North Korea ruling party meeting to address 'urgent' agricultural needs

North Korea's leader Kim Jong Un attends the opening ceremony of the Ryonpho Greenhouse Farm

SEOUL (Reuters) - Leading members of North Korea's ruling party will meet this month to discuss the "urgent" task of improving the country's agricultural sector, as international experts say food insecurity has worsened amid sanctions and COVID-19 lockdowns.

State news agency KCNA reported that the Workers' Party of Korea (WPK) politburo decided on Sunday that a larger plenary meeting of the Central Committee will gather in late February.

"It is a very important and urgent task to establish the correct strategy for the development of agriculture and take relevant measures for the immediate farming in the present stage of the struggle to promote the overall development of socialist construction," the report said.

The politburo recognised that "a turning point is needed to dynamically promote the radical change in agricultural development," KCNA said.

Last month the U.S.-based 38 North programme, which monitors North Korea, said in a report that "food availability has likely fallen below the bare minimum with regard to human needs," with food insecurity at its worst since the famines of the 1990s.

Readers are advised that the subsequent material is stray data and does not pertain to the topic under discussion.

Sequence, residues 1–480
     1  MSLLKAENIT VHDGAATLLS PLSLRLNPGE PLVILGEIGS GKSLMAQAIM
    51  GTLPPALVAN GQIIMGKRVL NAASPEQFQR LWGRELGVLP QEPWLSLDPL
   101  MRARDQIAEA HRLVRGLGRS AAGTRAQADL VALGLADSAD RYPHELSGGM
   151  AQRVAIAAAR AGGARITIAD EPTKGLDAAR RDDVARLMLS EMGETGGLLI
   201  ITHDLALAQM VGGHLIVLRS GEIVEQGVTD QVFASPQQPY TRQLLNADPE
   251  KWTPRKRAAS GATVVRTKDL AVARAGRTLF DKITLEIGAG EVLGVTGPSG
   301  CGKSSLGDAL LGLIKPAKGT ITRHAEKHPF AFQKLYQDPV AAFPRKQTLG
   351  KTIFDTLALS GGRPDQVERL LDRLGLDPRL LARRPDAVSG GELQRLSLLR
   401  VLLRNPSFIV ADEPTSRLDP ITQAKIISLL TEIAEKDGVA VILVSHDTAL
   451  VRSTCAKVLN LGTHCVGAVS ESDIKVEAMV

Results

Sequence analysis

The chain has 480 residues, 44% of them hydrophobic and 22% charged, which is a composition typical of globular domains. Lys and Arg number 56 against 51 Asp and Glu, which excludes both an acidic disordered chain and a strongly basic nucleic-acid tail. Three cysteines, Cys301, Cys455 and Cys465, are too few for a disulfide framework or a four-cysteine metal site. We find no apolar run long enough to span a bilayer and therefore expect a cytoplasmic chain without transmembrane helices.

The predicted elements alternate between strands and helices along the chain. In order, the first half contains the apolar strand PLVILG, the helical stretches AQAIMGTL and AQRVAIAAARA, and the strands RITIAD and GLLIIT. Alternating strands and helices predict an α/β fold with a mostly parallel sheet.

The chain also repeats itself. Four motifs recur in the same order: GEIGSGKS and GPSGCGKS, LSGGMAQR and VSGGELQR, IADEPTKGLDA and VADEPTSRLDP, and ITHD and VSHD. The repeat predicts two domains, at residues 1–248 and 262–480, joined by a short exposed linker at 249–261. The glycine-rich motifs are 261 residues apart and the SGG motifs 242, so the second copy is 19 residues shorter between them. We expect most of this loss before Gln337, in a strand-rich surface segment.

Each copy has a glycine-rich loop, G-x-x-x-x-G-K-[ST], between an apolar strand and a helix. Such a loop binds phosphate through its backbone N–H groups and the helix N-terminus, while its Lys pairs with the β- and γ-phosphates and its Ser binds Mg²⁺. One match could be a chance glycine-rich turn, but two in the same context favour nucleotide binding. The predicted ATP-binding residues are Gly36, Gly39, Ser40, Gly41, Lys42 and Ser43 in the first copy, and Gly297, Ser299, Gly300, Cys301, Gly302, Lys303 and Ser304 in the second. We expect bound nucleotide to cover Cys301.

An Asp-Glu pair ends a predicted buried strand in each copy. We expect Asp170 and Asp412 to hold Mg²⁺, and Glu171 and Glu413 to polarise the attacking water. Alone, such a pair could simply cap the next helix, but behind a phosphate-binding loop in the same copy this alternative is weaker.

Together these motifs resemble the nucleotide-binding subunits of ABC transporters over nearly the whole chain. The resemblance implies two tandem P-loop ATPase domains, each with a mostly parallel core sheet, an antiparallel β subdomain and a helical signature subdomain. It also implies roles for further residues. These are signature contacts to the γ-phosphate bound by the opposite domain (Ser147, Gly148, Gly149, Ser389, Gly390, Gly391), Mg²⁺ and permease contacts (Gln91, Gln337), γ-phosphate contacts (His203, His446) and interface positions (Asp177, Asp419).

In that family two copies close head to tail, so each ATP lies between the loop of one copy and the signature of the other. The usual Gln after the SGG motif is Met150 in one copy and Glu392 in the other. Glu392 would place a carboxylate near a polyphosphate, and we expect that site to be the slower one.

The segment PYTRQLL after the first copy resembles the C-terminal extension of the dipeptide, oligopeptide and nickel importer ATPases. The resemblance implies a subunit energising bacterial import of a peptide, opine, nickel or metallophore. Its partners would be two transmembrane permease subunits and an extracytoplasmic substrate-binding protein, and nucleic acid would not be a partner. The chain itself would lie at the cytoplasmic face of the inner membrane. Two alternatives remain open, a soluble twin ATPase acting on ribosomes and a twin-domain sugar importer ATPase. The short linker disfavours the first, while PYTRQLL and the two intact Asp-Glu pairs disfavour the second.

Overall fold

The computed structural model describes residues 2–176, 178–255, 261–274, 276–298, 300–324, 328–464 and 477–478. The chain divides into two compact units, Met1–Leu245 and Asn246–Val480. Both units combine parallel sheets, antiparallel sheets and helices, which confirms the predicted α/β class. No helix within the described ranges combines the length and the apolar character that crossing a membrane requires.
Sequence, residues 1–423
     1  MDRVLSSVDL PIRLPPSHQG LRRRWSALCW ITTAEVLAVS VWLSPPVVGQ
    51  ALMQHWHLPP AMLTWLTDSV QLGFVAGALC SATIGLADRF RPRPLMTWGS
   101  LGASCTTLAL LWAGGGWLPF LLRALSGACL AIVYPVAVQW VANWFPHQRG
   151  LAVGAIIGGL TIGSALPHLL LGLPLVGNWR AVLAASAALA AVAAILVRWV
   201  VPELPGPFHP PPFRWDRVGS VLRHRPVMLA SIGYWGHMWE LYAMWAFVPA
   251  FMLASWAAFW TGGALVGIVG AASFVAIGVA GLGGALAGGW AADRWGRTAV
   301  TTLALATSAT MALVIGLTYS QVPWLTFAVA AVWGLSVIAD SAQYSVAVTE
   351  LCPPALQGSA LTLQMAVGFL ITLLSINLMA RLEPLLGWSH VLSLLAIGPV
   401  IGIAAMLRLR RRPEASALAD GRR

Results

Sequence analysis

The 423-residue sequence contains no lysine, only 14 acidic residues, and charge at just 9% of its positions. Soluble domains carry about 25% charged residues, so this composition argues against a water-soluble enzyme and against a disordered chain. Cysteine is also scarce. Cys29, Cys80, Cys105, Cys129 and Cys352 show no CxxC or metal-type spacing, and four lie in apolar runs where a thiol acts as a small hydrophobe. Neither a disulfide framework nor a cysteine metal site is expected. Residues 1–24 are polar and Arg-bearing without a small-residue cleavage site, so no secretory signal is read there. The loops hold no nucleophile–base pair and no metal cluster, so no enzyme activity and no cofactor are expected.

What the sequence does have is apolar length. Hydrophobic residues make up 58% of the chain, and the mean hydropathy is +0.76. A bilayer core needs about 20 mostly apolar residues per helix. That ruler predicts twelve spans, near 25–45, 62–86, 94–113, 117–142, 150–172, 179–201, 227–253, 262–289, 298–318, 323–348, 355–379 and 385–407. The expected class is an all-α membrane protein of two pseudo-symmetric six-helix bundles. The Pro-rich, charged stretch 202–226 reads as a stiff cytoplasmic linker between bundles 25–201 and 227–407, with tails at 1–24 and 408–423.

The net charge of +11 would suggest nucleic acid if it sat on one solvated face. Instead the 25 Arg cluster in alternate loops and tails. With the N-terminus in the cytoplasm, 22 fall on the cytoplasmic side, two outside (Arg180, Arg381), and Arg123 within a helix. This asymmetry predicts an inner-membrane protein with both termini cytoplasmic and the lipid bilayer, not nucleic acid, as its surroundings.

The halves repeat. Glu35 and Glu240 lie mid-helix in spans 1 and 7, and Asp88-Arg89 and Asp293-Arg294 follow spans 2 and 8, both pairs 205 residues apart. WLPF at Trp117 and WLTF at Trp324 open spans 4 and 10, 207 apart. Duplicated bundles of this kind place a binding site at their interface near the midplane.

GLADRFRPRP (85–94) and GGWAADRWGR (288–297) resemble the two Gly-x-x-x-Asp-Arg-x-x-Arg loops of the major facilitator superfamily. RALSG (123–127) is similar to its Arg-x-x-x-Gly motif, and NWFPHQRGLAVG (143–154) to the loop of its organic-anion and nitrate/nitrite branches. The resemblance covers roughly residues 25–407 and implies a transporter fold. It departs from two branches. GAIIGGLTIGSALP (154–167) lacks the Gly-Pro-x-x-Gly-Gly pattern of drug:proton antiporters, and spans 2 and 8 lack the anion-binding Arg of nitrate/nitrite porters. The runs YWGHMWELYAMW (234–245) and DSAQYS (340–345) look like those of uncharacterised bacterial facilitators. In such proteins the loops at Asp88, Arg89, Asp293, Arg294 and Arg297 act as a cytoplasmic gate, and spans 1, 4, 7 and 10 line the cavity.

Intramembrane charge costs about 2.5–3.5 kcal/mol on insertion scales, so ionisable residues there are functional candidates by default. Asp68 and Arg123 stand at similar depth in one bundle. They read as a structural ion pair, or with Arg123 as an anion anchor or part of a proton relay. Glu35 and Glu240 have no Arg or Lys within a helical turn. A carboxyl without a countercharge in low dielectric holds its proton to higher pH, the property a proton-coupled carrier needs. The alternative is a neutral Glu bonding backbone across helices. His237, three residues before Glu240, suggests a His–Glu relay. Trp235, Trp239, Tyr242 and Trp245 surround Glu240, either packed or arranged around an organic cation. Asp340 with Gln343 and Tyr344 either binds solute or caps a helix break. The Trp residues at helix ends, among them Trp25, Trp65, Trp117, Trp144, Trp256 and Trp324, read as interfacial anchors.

"Resolving North Korea’s chronic food insecurity would require, among other things, strengthening property rights, opening and revitalising the industrial and service sectors of the economy, and embracing an export-oriented model," the 38 North report said. "The regime, which fears internal competition and its own demise, has so far proved itself unwilling to pursue such reforms."

North Korea is under strict international sanctions over its nuclear weapons and ballistic missile programmes. Border trade has further been choked off by self-imposed lockdowns aimed at preventing COVID-19 outbreaks.

Those lockdowns have partially eased in recent months, with some trade resuming between North Korea and Russia and China, though at still limited levels.

The country is also routinely struck by natural disasters such as floods and heavy rains that damage summer crops.

(Reporting by Josh Smith. Editing by Gerry Doyle)